The EU Referendum – A Long Week In Politics

It’s been a strange week in British politics. The EU referendum has driven every other kind of political question to the margins. The only question is IN or OUT of the European Union.

It is an open secret as to why we are having a referendum at all. It is because the Prime Minister, David Comeron, feared a takeover by an alliance of the far right of his own Conservative Party and United Kingdom Independence Party (UKIP).

He was accused at the time of putting party politics above the health of the nation.

When he went to Brussels to negotiate changes, he said that by holding a referendum the Euro partners would know that he wasn’t just posturing when he set out his demands.

And then he came back and pulled out of his hat a small or non-existent rabbit, or a big rabbit – depending on who is telling the story.

Then the campaigning got under way and his message was that we would risk falling off a cliff if we voted to leave.

Well if that was true when he said it, it was true before he went to Brussels and he should never have risked the decision to a vote that was out of his control. Not if he believed in the principle rather than the desire to hold onto power.

How Real Is UKIP

So how real is the threat from UKIP? If there are only a few UKIP supporters, then they aren’t much of a threat.

After the national election, Lord Leach of Fairford, Chairman of Open Europe, wrote to the Times saying what would have happened had the German form of PR applied in the general election.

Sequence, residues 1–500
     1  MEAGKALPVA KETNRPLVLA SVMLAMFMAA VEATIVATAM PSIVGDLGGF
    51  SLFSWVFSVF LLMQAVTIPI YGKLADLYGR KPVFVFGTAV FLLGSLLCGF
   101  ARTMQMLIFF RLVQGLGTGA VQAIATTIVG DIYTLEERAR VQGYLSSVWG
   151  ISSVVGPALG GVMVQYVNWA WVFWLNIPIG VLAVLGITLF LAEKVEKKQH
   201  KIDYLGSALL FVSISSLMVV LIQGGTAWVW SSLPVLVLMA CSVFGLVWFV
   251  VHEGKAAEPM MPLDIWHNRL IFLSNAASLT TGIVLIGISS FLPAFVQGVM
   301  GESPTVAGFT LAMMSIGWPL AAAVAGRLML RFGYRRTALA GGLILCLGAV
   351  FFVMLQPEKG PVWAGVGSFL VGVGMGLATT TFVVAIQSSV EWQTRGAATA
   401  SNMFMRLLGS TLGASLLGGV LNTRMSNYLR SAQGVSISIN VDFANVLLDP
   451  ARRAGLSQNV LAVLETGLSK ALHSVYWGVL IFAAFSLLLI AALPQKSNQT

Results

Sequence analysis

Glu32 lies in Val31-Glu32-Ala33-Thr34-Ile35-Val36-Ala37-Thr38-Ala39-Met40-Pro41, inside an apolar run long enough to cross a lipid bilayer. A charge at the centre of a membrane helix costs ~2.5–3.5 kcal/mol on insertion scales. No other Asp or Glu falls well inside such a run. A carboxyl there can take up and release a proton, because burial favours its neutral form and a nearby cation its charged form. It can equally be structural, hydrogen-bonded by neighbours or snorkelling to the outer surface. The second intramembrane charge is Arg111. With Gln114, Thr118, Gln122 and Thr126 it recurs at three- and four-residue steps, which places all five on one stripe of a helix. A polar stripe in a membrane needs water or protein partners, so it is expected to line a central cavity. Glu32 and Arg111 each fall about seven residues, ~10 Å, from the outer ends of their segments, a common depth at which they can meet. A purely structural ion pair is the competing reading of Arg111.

Under that system, any party getting less than five percent of the vote is not allocated seats. The reason for that is to prevent a huge number of parties with one or two votes each swamping the actual business of government.

And what would have happened is that we would have had the Conservatives with 275 seats, labour 229, UKIP 92, Lib Dems 54 and no seats for any of the other parties. That is, the SNP would not have got any seats at all.

The Scottish National Party swept the board in Scotland – but only because it has 56 constituencies in a country that is only five-million people out of a total UK population of sixty-four million.

In other words, our first-past-the-post system and the constituency boundaries that apply in elections hide the fact that UKIP has a large base of support.

Here are the numbers for the seats, the number gained and lost in the election, the actual number of the popular vote and the percentage of the vote that the number represents.

Conservatives 330 (+37, -10) 11,334,726 36.9%
Labour 232 (+23, -48) 9,347,324 30.4%
SNP 56 (+50, -0) 1,454,436 4.7%
Green 1 (+0, -0) 1,156,149 3.8%
Lib Dems 8 (+0, -48) 2,415,862 7.9%
UKIP 1 (+0, -1) 3,881,099 12.6%

Nearly four-million people voted for UKIP. But they only got one seat in Parliament.

So the threat was real and Cameron has played it well – well that is if the Remain camp wins.

But what a risk to take.

My Prediction Is…

I think the vote will go with David Cameron and the Remain camp.

And if it does, then he will be saved again. And for some stupid reason, people will think he was the better option and we will all love the moderate Tories. Ha!